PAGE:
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Davos returns under Ukraine cloud after COVID break


The world’s political and business elite will hobnob in Davos next week after a two-year break caused by COVID, with the Ukraine war set to dominate the exclusive Swiss mountain summit.

FILE: The Ukrainian flag flutters between buildings destroyed in bombardment, in the Ukrainian town of Borodianka, in the Kyiv region on 17 April 2022. Picture: Sergei SUPINSKY/AFP

PARIS – The world’s political and business elite will hobnob in Davos next week after a two-year break caused by COVID, with the Ukraine war set to dominate the exclusive Swiss mountain summit.

The world has changed drastically since the last time the World Economic Forum took place in person at the ski resort in January 2020.

At the time, US President Donald Trump and climate campaigner Greta Thunberg headlined the show and the coronavirus had yet to spread widely outside China.

Since then, the outbreak in China turned into a pandemic that rocked the global economy, Trump lost the US election to Joe Biden, countries have endured climate change-driven weather disasters, inflation has surged and Russia invaded Ukraine.

After a virtual forum in 2021 and the postponement of this year’s in-person event due to the Omicron variant, the WEF returns to its Davos den on Monday under the theme “History at a Turning Point”.

But the hub of cheerleaders of capitalism and globalisation will lack its usual scenic snowy backdrop – and the usual Russian contingent.

President Vladimir Putin spoke at the online meeting last year, but organisers decided to exclude Russians this time as Western powers have imposed sanctions on Moscow over the Ukraine conflict.

Instead, Ukrainian President Volodymyr Zelensky will address the summit via video link while around a dozen officials from his country will attend in person.

WEF founder Klaus Schwab said it would be “the most timely and consequential” meeting since the creation of the forum more than 50 years ago.

“Russia’s aggression on the country will be seen in future history books as the breakdown of the post-World War II and post-Cold War order,” Schwab said in a pre-summit briefing, adding that Davos will do what it can to support Ukraine and its recovery.

WEF president Borge Brende said that excluding the Russians from the forum was “the right decision”.

“We do hope, though, that Russia will follow a different path … in the years to come to start to stick to the UN charter and to their international obligations,” Brende said.

FEW STARS

More than 50 heads of state or government will be among the 2,500 delegates ranging from business leaders to academics and civil society figures attending the four-day gathering.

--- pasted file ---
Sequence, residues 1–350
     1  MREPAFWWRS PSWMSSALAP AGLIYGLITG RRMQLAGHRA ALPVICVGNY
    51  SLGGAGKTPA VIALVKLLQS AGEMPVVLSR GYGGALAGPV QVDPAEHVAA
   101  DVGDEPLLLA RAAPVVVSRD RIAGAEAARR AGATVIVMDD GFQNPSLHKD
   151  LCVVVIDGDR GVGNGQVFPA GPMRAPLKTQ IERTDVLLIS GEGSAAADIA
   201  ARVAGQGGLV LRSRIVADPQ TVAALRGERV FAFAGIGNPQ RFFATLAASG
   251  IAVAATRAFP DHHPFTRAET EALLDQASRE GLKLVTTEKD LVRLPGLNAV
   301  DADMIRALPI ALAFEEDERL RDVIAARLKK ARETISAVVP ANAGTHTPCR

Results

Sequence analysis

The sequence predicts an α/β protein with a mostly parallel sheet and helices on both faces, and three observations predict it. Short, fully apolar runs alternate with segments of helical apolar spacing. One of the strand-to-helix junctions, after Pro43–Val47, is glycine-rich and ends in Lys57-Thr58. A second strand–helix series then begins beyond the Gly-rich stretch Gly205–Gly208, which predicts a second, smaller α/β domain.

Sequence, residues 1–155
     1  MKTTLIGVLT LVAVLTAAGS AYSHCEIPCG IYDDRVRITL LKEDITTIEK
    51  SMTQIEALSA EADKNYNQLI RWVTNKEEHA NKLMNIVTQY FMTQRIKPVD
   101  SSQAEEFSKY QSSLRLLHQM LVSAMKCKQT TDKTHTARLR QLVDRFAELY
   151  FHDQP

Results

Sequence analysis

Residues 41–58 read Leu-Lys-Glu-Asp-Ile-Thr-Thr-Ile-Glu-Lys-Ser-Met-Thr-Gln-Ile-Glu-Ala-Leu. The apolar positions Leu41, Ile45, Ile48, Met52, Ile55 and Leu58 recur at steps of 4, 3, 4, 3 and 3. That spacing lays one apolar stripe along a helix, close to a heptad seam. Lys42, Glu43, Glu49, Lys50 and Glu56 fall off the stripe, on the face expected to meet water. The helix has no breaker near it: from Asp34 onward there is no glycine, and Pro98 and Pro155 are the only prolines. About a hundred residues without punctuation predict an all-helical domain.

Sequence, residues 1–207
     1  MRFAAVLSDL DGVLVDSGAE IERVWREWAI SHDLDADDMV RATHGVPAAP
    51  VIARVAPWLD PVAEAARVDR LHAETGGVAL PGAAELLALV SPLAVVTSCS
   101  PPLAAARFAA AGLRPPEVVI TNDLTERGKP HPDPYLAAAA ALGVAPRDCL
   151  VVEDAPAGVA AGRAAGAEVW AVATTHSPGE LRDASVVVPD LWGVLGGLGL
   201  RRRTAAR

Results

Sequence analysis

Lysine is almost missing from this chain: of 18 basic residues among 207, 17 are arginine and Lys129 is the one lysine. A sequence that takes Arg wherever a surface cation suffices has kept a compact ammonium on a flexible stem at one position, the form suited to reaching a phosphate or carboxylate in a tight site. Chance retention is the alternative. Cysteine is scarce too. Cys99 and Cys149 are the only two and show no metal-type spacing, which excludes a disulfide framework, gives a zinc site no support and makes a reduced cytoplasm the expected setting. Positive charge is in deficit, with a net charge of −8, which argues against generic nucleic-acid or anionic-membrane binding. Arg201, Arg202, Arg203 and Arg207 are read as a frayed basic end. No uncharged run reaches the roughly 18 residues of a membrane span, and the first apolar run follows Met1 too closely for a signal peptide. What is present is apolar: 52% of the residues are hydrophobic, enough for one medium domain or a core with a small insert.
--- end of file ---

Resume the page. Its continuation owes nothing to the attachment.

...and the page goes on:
Some of the biggest names include Germany’s new chancellor, Olaf Scholz, European Union chief Ursula von der Leyen, NATO head Jens Stoltenberg and US climate envoy John Kerry.

While war will overshadow the meeting, the forum will also have panels on everything from climate change to rising energy prices, global supply chain problems, gender inequality, poverty, football and the metaverse.

This year’s meeting, though, lacks some of the star power of the past. Some, such as Chinese President Xi Jinping, spoke in a virtual version in January.

“I am sure that this is kind of a disappointment,” said Adrienne Sorbom, co-author of “Discreet Power”, a book on the World Economic Forum.

“I think that the discreet diplomacy that the… forum arranges for is one of the things that is truly to the heart of the forum and what Klaus Schwab sees as his greatest achievement,” said Sorbom, a sociology professor at Stockholm University.

While the forum’s relevance is questioned every year, it keeps attracting titans of industry and government leaders — as well as some of its biggest critics.

When Sorbom attended Davos in 2014, “business leaders were saying, ‘if you’re not here you do not exist”.

“Everyone that wants to be someone needs to go there,” she said.

‘FESTIVAL OF WEALTH’

The forum has produced some consequential moments.

It hosted the first ministerial meetings between North and South Korea in 1989 as well as talks between South Africa’s apartheid-era president F. W. de Klerk and then dissident Nelson Mandela in 1992.

The forum, however, regularly faces criticism as evidence of the cozy relationship between the political and corporate elite.

“At this Davos, at this festival of wealth, I think we’re going to see just how profoundly unequal our world has become,” said Nabil Ahmed, head of strategy at global charity Oxfam.

But Oxfam, which is pushing for taxes on the rich, is also among Davos regulars.

“I think it’s important to go to Davos to challenge power, to put forward hard facts, to talk directly to these governments and corporations and amplify the voices they’re not listening to,” Ahmed said.

“That’s why we go.”





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